An IRS Tax Compromise Means An Offer In Compromise

Posted on 01. Oct, 2011 by in Back Tax Returns, Back Taxes, Help Filing Back Taxes

A taxpayer with outstanding tax liabilities need not worry that there is no such thing as an IRS tax compromise.

There is a way to work out an IRS tax compromise – it’s something called an Offer in Compromise or OIC.

What exactly is this somewhat strange-sounding thing?

As described by the Internal Revenue Service, an OIC is an agreement between a taxpayer and IRS that settles the taxpayer’s tax liabilities for less than the full amount owed.

There is an important proviso to this. If the tax debt can be fully paid through an Installment Agreement or by other means, the taxpayer usually will be ineligible for an OIC.

For an IRS tax compromise in the form of an OIC, the agency will apply a standard known as the reasonable collection potential (RCP).

Simply put, the RCP is a measurement of the taxpayer’s ability to pay. The RCP includes the value that can be realized from the taxpayer’s assets. Besides property, it also includes anticipated future income, which is reduced by certain permissible basic living expenses.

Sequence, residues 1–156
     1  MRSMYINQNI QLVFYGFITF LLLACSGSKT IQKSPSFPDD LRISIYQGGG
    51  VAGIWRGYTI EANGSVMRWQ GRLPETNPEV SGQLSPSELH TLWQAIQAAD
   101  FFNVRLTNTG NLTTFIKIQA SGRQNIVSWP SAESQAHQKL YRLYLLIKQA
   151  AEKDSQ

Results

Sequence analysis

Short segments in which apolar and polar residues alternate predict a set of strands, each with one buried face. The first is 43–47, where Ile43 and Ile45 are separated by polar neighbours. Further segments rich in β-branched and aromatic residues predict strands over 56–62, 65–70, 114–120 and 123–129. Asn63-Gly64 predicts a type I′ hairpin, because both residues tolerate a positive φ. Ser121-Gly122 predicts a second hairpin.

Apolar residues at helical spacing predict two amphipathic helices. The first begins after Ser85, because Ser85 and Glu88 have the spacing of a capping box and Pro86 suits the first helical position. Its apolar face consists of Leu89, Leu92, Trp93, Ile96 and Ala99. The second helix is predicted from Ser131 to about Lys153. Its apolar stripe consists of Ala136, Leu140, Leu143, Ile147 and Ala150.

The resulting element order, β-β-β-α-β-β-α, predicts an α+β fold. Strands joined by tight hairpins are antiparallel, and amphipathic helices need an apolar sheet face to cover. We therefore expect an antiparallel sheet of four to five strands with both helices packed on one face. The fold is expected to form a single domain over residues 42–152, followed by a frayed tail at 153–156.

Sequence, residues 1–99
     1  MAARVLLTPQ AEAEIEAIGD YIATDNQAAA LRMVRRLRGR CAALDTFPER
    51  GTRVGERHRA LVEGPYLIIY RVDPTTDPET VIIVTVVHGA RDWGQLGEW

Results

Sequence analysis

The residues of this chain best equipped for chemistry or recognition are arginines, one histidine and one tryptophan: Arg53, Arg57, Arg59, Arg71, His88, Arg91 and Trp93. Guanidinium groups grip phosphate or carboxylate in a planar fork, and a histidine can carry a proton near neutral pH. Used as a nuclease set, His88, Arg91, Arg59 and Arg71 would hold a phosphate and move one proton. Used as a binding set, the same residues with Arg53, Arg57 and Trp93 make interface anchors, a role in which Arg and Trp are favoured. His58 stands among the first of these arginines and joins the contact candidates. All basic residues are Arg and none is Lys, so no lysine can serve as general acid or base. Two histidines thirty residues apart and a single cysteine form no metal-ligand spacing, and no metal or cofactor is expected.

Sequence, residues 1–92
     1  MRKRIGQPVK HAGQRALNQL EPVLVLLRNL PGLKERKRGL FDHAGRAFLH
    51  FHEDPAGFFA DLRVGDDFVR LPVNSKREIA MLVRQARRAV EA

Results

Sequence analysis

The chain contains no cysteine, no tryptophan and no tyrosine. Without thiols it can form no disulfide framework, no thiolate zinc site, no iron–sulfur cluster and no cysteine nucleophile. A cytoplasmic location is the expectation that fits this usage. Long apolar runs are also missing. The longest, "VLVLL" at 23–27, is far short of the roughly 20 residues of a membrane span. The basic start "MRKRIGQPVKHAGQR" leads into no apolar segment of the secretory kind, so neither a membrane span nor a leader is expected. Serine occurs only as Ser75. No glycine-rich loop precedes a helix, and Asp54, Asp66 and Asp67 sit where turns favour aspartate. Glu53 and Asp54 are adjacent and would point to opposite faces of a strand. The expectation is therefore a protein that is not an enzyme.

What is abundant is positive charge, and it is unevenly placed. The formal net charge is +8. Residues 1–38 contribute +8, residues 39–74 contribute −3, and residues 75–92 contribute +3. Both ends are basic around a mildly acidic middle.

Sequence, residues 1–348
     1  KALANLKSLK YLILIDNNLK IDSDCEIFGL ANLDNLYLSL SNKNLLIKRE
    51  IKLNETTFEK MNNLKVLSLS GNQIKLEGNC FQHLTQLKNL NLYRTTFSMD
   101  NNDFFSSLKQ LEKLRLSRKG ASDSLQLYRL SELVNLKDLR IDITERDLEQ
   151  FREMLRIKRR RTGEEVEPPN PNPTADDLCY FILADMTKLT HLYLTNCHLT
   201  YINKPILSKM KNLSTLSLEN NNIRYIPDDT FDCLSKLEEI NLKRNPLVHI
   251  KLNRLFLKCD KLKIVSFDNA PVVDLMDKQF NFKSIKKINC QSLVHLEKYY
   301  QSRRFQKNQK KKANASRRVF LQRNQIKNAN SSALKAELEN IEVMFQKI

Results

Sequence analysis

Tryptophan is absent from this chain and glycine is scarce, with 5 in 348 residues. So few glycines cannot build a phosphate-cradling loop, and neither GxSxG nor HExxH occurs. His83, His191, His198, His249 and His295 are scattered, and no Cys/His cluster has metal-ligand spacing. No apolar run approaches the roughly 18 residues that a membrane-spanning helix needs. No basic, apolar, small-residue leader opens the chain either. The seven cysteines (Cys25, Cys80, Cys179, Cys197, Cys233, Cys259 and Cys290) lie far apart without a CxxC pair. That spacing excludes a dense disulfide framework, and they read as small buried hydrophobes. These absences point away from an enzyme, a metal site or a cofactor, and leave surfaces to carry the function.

This IRS tax compromise may be accepted by the agency on the basis of three grounds.

First, acceptance is allowed “if there is doubt as to liability.”

Second, acceptance is permissible “if there is doubt that the amount owed is collectible.”

Third, acceptable is permitted “based on effective tax administration.”

To apply for an IRS tax compromise, a taxpayer must use one or more forms depending on the grounds they are claiming.
Except if the OIC is submitted based on doubt as to liability, a taxpayer must file either two or three forms – Form 656, Offer in Compromise; Form 433-A, Collection Information Statement for Wage Earners and Self-Employed Individuals; and/or Form 433-B, Collection Information Statement for Businesses.

A taxpayer filing an OIC based on doubt as to liability must use Form 656-L, Offer in Compromise (Doubt as to Liability).

Generally, to apply for this IRS tax compromise, there is a $150 application fee.

Taxpayers may choose to pay the OIC in a lump sum, which can constitute a maximum of five (5) payments. A periodic payment offer involves a minimum of six (6) installments.

Upon acceptance by the agency, “IRS expects that the taxpayer will have no further tax delinquencies and will fully comply with the tax laws.” Failure to abide by this dictate can result in IRS making a determination that the OIC is in default.

Of course, this IRS tax compromise involves additional details that should be clearly understood.

Perhaps you can add a smile to your face if you keep in mind that an OIC equates to an IRS tax compromise.

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